Key Update, April 2017
Volume 13, Number 10
Report Finds Adults with Disabilities Remain Outside the Economic Mainstream
On April 25, the National Disability Institute (NDI) released a new report called Banking Status and Financial Behaviors of Adults with Disabilities: Findings from the 2015 FDIC National Survey of Unbanked and Underbanked Households. “The report finds that, in the 27 years since the landmark Americans with Disabilities Act (ADA) was signed into law, ensuring all individuals with disabilities the opportunity to achieve ‘economic self-sufficiency,’ this population still faces numerous financial hurdles and roadblocks to financial inclusion,” the NDI writes. “Based on data mined from the 2015 FDIC National Survey on Unbanked and Underbanked Households, this insightful report highlights the financial choices and banking habits of adults with disabilities.” For more information and to download the report, click here.
Advocates: You Can Help Counties Cut Numbers of People with Mental Health Conditions in Jails
Research estimates that approximately 15 percent of men and nearly one-third of women in jails have a serious mental health condition, according to the Vera Institute. The Stepping Up Resources Toolkit is designed to help counties reduce those numbers. “Reducing the Number of People with Mental Illnesses in Jail: Six Questions County Leaders Need to Ask serves as a blueprint for counties to assess their existing efforts to reduce the number of people with mental health conditions in jail by considering specific questions and progress-tracking measures. The report also informs the Stepping Up technical assistance that will be offered moving forward.” For more information and to download the toolkit, click here. For the Vera Institute’s Incarceration’s Front Door: The Misuse of Jails in America, click here. For the 2017 Stepping Up technical assistance opportunities, click here.
May 4 is the Deadline for Early Bird Registration for Alternatives 2017! May 19 Is the Caucus Deadline!
The deadline for Early Bird registration ($375) for Alternatives 2017, to be held in Boston August 18-21, has been extended to May 4! (The rate rises to $425 after that date.) In addition, the deadline to apply to host a caucus is May 19. The theme of the conference, organized by the National Empowerment Center, is Building Healing Communities Together. For more information and to register, click here.
Community Psychiatry Forum on Ethical Issues in Community Mental Health
A telephone forum on Ethical Issues in Community Mental Health will be held on May 4 at 11:45 a.m. ET. The forum is sponsored by the Center for Public Service Psychiatry of the Western Psychiatric Institute and Clinic, in collaboration with the American Association of Community Psychiatrists. The discussion will include the past, present, and future of ethical challenges in the mental health field; how diagnostic eligibility criteria may create ethical dilemmas; how pharmaceutical influences may affect clinical practices and create conflicts of interest; and how psychiatrists’ experience and training can help them navigate these challenges. To join the meeting, click here, enter the meeting password (cpsp) and click “Join Now.” Or join by phone: 415.655.0002, Access Code/Meeting No. 732 767 020.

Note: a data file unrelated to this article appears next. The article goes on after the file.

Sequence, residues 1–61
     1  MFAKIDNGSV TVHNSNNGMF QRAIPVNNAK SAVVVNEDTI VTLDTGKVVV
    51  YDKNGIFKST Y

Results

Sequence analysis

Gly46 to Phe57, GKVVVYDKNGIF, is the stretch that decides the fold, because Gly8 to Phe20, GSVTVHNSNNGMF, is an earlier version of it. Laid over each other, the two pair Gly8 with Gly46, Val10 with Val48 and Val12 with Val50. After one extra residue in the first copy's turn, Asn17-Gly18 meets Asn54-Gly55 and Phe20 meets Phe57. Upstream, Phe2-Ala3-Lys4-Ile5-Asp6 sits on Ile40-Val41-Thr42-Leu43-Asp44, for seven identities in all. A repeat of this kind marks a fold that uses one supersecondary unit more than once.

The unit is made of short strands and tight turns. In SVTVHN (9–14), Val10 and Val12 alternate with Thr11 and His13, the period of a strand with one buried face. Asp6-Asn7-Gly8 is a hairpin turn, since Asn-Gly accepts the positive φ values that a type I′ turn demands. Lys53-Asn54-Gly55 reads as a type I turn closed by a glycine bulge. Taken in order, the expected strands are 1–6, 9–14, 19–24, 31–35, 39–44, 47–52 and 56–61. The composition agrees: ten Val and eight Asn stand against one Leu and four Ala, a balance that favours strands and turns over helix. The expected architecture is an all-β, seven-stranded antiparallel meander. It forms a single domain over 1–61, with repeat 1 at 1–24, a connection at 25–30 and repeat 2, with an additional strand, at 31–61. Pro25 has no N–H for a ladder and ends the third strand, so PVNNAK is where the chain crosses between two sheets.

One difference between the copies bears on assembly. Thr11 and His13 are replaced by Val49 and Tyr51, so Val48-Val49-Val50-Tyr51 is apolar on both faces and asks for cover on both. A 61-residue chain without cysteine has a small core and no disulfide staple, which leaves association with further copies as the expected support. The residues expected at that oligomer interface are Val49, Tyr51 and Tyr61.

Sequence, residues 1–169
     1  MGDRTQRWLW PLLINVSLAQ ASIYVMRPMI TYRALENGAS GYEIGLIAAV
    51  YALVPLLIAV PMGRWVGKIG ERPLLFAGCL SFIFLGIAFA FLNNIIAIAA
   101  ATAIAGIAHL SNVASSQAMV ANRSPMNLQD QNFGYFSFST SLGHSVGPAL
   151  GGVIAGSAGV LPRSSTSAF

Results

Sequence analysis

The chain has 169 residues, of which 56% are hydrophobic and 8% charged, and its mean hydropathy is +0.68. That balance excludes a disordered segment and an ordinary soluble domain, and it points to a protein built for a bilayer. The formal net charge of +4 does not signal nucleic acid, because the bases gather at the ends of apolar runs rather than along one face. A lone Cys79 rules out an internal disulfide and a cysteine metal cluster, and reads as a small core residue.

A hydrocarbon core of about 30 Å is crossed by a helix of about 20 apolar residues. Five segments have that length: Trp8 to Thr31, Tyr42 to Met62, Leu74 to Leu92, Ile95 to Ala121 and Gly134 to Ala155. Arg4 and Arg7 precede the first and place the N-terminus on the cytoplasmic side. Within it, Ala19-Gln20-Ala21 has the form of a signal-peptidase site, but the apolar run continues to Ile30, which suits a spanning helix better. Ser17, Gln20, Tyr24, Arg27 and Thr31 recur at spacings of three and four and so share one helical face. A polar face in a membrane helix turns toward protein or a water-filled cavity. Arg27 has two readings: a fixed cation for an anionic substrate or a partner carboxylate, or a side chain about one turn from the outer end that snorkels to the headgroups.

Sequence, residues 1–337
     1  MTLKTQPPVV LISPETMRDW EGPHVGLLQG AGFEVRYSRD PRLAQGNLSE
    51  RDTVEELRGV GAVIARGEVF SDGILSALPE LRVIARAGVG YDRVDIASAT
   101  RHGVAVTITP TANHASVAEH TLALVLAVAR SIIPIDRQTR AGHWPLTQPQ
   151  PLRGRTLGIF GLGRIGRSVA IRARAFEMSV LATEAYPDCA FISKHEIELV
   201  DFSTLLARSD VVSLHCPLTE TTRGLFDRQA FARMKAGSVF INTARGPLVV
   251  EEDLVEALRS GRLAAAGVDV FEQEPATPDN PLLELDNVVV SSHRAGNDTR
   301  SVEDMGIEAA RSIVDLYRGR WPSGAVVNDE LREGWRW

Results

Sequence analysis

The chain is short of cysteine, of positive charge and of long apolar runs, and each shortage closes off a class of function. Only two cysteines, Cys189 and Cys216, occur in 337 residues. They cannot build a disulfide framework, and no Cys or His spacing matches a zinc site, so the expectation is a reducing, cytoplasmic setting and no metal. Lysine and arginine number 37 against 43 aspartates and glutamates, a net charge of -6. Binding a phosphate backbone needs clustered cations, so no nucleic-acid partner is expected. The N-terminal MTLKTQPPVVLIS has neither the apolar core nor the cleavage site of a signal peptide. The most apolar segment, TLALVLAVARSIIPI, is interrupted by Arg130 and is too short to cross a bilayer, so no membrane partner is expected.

May 5 Is New Deadline for Abstract Proposals for National Conference on Health Communication, Marketing, and Media
The 11th Annual National Conference on Health Communication, Marketing, and Media, to be held August 15-17, 2017, at the Hyatt Regency in Atlanta, has extended the deadline for abstracts to May 5. The National Public Health Information Coalition invites abstracts for both oral and poster presentations in addition to panel sessions focusing on the areas of health communication, social marketing, media, partnerships, public health policy communication, and other topic areas that relate to the multi-disciplinary nature of this conference. Abstracts will be considered for oral, poster, or panel presentations. For more information, click here.
Registration Is Open for TU Collaborative Summer Institute!
Registration is open for the Temple University Collaborative on Community Inclusion’s Summer Institute, to be held July 24-25 on the Temple University campus in Philadelphia. The conference will cover “state-of-the-science research findings about community inclusion of individuals with mental illnesses.” The sessions will focus on “the theoretical and research justifications for community inclusion programming, the expanding roles of peer specialists in promoting community inclusion, the effectiveness of leisure and recreation activities, the impact of educational and employment initiatives of community connections, strategies for confronting the environmental barriers to community inclusion, the role of mainstream neighborhood organizations in developing welcoming communities—and more.” For more information and to register, click here.